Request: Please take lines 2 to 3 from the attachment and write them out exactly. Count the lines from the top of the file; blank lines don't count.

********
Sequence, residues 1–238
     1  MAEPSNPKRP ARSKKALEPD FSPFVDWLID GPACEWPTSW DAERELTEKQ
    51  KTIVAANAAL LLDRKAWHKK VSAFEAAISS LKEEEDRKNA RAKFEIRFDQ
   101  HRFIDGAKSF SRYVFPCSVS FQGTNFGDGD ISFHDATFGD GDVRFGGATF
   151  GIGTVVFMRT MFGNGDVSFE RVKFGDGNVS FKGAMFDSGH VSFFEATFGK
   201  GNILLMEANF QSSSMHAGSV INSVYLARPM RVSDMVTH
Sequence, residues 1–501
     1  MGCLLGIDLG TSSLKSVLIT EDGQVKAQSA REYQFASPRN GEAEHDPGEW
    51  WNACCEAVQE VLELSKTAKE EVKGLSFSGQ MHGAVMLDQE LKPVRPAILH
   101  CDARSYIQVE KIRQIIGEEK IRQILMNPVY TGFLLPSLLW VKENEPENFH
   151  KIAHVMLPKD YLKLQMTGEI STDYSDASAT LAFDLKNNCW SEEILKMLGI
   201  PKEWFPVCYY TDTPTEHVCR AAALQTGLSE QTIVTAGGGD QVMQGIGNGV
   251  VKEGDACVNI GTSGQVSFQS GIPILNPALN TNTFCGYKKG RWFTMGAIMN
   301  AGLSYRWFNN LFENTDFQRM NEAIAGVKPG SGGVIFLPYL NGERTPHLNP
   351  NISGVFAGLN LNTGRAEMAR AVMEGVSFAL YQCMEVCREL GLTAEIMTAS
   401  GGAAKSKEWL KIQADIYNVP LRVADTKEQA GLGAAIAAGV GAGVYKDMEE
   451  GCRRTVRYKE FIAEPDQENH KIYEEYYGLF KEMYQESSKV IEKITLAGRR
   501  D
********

     1  MAEPSNPKRP ARSKKALEPD FSPFVDWLID GPACEWPTSW DAERELTEKQ
    51  KTIVAANAAL LLDRKAWHKK VSAFEAAISS LKEEEDRKNA RAKFEIRFDQ